Machining Challenging Metals

Tips For Machining Titanium

June 26, 2012

Machining Titanium Effectively 3

The popularity of titanium alloys as a material for structural and other parts has grown exponentially in the past few years. Unfortunately, many manufacturers find that working with titanium is challenging due to the physical characteristics of the metal and its chemical composition. For example, titanium is a poor conductor of heat and more heat is generated when machining titanium than many other metals.

According to Sandvik Coromant, this exposure of the cutting edge to higher temperatures along with high-pressure cutting may cause premature tool wear. Plus, titanium has a tendency to smear during machining, and this can cause chips to weld to the insert, thus causing edge line problems when re-entering the cut. There’s also an increased risk of chattering caused by titanium’s elasticity.

To deal with these problems, the insert maker recommends these general guidelines for machining titanium:

  • Use relatively low cutting speeds
  • Use sharp cutting edges
  • Optimize feed rates and avoid idling while in cut
  • Use large volumes of coolant, preferably at high pressure through spindle and tool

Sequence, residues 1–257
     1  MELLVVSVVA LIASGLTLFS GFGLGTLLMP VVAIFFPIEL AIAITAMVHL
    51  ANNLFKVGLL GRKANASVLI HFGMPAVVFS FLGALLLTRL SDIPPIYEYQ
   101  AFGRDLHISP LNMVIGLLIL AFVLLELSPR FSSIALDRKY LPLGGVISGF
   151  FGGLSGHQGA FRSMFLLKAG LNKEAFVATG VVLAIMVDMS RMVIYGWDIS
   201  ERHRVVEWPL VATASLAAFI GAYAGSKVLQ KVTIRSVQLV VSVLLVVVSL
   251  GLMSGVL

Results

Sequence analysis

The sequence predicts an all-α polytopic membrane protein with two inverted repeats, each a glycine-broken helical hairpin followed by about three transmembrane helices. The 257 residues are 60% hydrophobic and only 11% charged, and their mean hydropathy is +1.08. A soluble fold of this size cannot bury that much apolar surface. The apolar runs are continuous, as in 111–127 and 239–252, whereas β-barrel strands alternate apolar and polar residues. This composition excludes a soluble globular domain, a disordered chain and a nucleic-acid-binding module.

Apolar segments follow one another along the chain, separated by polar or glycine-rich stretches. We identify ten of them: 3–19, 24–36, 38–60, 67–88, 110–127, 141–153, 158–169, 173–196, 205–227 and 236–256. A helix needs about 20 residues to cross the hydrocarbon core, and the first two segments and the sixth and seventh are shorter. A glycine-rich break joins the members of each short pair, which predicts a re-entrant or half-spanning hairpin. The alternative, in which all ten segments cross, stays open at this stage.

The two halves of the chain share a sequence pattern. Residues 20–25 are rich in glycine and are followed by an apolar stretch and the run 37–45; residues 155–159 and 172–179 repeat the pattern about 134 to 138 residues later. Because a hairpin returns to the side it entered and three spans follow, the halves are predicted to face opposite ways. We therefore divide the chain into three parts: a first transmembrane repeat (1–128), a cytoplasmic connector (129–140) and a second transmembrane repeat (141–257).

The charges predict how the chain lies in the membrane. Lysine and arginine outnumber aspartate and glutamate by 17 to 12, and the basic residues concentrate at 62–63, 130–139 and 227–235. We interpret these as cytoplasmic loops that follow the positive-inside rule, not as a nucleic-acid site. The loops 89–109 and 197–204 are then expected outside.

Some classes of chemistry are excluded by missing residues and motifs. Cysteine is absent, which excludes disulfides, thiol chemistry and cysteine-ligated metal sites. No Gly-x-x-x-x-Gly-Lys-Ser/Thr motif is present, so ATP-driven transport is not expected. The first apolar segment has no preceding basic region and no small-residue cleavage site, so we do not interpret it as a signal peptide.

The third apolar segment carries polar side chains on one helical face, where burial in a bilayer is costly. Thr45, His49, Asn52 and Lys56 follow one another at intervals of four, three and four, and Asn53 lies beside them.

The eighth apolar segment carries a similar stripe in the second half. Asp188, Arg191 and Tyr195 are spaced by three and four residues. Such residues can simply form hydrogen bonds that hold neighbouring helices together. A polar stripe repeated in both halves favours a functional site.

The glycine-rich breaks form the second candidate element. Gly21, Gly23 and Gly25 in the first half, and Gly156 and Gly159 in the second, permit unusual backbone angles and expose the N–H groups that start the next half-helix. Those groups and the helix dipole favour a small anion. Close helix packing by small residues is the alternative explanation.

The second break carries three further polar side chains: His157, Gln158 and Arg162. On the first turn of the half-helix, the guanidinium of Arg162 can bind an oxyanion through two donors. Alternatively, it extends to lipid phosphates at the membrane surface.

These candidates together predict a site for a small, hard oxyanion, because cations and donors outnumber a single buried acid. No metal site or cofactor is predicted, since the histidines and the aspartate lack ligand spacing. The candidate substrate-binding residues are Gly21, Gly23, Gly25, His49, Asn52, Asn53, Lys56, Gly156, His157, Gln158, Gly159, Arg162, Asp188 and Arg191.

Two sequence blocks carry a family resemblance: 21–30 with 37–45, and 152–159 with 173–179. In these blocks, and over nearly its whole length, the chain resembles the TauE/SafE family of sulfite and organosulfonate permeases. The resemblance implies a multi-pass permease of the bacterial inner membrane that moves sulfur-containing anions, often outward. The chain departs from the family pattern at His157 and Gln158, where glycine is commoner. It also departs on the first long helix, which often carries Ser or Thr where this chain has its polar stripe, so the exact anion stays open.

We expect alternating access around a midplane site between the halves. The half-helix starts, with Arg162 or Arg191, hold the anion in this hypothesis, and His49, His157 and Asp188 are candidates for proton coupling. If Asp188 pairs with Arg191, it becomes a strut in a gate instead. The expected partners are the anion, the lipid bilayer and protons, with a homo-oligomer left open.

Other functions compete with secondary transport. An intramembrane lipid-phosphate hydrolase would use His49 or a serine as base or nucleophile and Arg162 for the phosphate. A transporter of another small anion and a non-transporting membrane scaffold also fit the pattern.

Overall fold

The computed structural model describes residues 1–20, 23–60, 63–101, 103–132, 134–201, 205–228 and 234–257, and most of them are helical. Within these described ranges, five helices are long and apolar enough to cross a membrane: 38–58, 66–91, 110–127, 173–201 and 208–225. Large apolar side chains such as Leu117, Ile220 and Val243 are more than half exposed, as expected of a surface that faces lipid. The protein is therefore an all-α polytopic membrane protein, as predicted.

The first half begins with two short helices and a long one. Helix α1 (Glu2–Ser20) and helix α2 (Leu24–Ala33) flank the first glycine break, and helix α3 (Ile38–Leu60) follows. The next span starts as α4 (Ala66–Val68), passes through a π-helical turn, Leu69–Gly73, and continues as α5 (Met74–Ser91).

• Replace cutting edges at first sign of any wear
  • Employ climb (down) milling wherever possible

According to Gosiger Application Engineers, manufacturers must also look at the complete picture, which means thinking about the tooling, fixtures, machine spindle rigidity and speed, and the CNC machine’s control system. Of course the heart of the process is the CNC machine, itself. That’s why it’s important to have equipment with a rigid spindle and tool holder to eliminate the vibrations that cause out-of-tolerance parts. It’s also critical to maintain a constant cutting feed rate, because if the spindle starts to slow down, the tool may burn up. Additionally, the machine’s control must be capable of maintaining consistent acceleration and deceleration, and to quickly process data.

The experts at Gosiger can tell you much more about machining titanium and many other difficult-to-machine materials. Simply contact Gosiger, Inc. 

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